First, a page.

The only thing that worked with the other behaviour was being consistent with rules and consequences. 4 is still young but old enough for school and at school there are clear rules and consequences for breaking them, along with rewards for following them.

The hitting you has to stop and the best way would be for your DH to tell her that her behaviour is unacceptable and not cuddling her instead of you. That is giving her exactly what she wants and to her it says that she just has to behave badly to get what she wants.

The rules and consequences need to be worked out between you and your DH but need to come from him with your DSD otherwise you'll be seen as the evil step mother spoiling her fun.

You and your DH have to be on the same page wrt discipline just as you would if it were your and dh's child. A lot of non resident children get away with being badly behaved as the NRP feels guilty that they don't spend as much time with them. This was a big issue for my DH at first but once he realised it was contributing to dsd's bad behaviour and stopped giving in all the time her tantrums reduced dramatically.

prawnypoos Thu 17-Apr-14 18:25:21

crazykat you are so right, she knows that if she behaves badly she gets what she wants so she acts up a good majority of the time!! It is hard to like children like this let alone love them and I have tried so hard! God knows I have. Her mother asked us to buy her some new clothes just after DD was born even though she gets 180 a month in maintainence and we feed her and care for her the majority of the time, that is a big bug bear for me. I bought her some clothes under the proviso that they would come in for DD when DSD had grown out of them, I bought 4 pairs of leggings, 2 jumpers, 3 long sleeved t shirts, vests, pants and socks. Apart from the underwear I havent seen any of them since and I bought them with my money which could've gone towards nappies, clothes, food and milk for my DD and that p****s me off!! I am going to get DP to ask about the clothes as its been 8 months since Ive seen her in them, I feel sorry for my DD as she doesnt get much attention from either of us atm and I know that if evrything carries on as it is she will end up feeling very neglected and unloved by her father (I know how that feels myself) anyway thanks for all your advice so far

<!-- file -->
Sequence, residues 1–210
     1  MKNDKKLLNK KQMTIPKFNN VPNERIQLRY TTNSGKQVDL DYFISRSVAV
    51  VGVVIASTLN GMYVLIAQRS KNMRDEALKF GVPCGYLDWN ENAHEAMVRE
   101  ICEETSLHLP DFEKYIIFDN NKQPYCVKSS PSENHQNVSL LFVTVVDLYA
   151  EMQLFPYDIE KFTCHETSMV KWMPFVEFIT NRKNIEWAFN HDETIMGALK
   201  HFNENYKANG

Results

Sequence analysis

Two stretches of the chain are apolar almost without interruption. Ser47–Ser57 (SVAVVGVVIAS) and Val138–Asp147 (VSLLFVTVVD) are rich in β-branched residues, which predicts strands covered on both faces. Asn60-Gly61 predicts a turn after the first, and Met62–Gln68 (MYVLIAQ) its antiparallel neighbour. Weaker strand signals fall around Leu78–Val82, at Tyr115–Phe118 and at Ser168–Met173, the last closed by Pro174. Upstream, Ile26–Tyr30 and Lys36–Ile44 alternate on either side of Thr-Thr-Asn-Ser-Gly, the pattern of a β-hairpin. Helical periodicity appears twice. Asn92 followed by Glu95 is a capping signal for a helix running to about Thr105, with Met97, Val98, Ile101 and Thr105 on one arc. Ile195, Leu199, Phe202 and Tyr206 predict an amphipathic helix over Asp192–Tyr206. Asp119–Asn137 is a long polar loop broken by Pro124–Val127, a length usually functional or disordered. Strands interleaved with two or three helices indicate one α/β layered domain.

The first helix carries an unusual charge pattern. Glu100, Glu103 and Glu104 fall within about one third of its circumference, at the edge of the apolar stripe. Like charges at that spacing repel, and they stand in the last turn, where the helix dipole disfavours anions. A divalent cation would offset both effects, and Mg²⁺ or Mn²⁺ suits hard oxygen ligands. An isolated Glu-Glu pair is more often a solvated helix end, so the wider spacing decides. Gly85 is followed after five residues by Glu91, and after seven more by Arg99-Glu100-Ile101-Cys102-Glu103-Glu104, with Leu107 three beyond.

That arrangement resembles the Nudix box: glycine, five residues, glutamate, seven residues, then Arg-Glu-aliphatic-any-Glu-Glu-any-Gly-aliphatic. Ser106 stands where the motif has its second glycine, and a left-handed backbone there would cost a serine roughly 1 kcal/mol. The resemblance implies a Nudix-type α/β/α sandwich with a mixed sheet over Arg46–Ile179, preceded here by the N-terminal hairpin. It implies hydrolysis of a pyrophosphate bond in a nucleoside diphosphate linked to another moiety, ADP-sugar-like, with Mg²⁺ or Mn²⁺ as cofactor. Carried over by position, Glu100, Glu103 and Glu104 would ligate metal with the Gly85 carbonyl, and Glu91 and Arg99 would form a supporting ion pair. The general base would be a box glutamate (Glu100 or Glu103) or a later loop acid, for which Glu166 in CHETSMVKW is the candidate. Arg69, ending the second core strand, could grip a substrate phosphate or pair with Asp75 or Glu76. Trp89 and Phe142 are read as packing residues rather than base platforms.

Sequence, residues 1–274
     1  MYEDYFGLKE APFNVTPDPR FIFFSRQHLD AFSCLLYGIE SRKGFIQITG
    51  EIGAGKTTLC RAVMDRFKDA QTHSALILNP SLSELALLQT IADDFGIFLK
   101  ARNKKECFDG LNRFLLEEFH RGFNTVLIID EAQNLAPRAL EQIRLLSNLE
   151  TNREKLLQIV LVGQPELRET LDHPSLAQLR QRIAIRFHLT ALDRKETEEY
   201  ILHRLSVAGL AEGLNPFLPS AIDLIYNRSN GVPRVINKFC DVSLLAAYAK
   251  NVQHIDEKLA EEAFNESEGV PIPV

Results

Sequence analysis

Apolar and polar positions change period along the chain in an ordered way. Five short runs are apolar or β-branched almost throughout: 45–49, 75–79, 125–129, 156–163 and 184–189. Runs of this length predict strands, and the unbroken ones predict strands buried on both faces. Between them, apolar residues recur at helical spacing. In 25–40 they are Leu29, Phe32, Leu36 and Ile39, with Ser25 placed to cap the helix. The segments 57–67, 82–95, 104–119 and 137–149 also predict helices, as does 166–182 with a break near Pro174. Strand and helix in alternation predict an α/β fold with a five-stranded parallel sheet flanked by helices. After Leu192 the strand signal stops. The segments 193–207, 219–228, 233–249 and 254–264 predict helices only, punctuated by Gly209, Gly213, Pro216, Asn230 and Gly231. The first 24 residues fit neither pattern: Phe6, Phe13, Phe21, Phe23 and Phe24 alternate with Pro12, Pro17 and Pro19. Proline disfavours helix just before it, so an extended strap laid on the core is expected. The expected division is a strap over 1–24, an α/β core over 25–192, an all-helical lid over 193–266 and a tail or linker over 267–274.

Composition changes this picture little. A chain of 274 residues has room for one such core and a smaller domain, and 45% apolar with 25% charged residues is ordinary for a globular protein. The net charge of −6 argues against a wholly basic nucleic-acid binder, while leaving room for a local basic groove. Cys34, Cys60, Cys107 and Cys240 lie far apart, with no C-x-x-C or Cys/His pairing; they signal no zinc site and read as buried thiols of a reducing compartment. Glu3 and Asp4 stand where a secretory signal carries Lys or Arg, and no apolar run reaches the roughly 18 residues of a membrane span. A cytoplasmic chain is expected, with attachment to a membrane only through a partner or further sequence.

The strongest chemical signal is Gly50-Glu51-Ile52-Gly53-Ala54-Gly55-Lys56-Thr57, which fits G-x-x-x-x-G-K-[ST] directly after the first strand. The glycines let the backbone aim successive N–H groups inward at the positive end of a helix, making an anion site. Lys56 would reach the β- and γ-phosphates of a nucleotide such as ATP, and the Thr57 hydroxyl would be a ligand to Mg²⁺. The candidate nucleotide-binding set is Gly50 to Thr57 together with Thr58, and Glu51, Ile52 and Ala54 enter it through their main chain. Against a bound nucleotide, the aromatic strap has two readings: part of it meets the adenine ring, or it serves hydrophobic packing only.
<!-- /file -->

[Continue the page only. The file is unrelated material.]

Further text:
alita7 Thu 17-Apr-14 18:49:32

Prawn that is a huge worry, that your child will end up neglected because she forces herself into the lime light.

I think the situation is very difficult for dsd but she still needs to learn. when she breaks up your hugs, try shouting group hug! and hold her in tightly.
Try having long chats with her when you can, about anything, just make her feel she is listened to.
But most importantly discipline her when she hits or is rude with the naughty step or no sweets until she apologies and give lots of cuddles when she does. And correct every wrong statement from her mum calmly.

prawnypoos Fri 18-Apr-14 09:35:52

It is a worry but then another part of me thinks that maybe when she is older and can do more like DSD then he will bond with her more and take notice of her. I think he does love her but i am in no doubt as to who he loves more! Any way I will try and cross that bridge when I come to it. She is such a good baby and has slept through since 8/9 weeks old and because she isnt used to having a great deal of attention she is very placcid and can occupy herself a lot of the time, the only times she cries are when shes hungry or very tired. So its not like shes a dificult baby and shes very happy and smiley, as soon as she wakes up she has a big grin on her face, anyway we have two very difernt parenting styles but perphaps part of that is just down to the differnt situations of both daughters, I know DSD mother doesnt bother to reprimand her, she scratched someone on the face the other day in a pub full of people (I only found out because my friend was there and she told me) and her mum was shouting and bawling at the woman whose facee DSD had scratched because she had told DSD off so no wonder she behaves like it!!!

alita7 Fri 18-Apr-14 13:37:47

It will be interesting to see how your dd ends up though- my little cousins are 4 (girl) and 6 (boy). My girl cousin was very much like your dd when she was a baby/ until she was about 18 months, and her brother was very attention seeking and jealous of her- he would try and jump all over his parents when they were holding her and often hit her or grab toys off her as she got older. Then it seemed to reverse and now she will jump all over me, sing in my ears and try to manipulate me into playing with her, when I'm trying to play with him, and he will tell me its ok, and that he doesn't mind if I play with her.

CerealMom Sat 19-Apr-14 20:12:45

With regards to the stuff your DsD is coming out with (Isobel's not my sister/my Daddy isn't Isobel's daddy) I would encourage some kind of family therapy.

If it is coming from DsD then she obviously feels very insecure. If this (and other stuff?) is coming from DsD mother then this needs to be nipped in the bud. Having a 3rd party involved will pull her (the mother) up on this. Either way, DsD gets some help.

Perhaps you and DH will be able to air your respective problems on neutral ground.

maggiemight Sun 20-Apr-14 18:04:39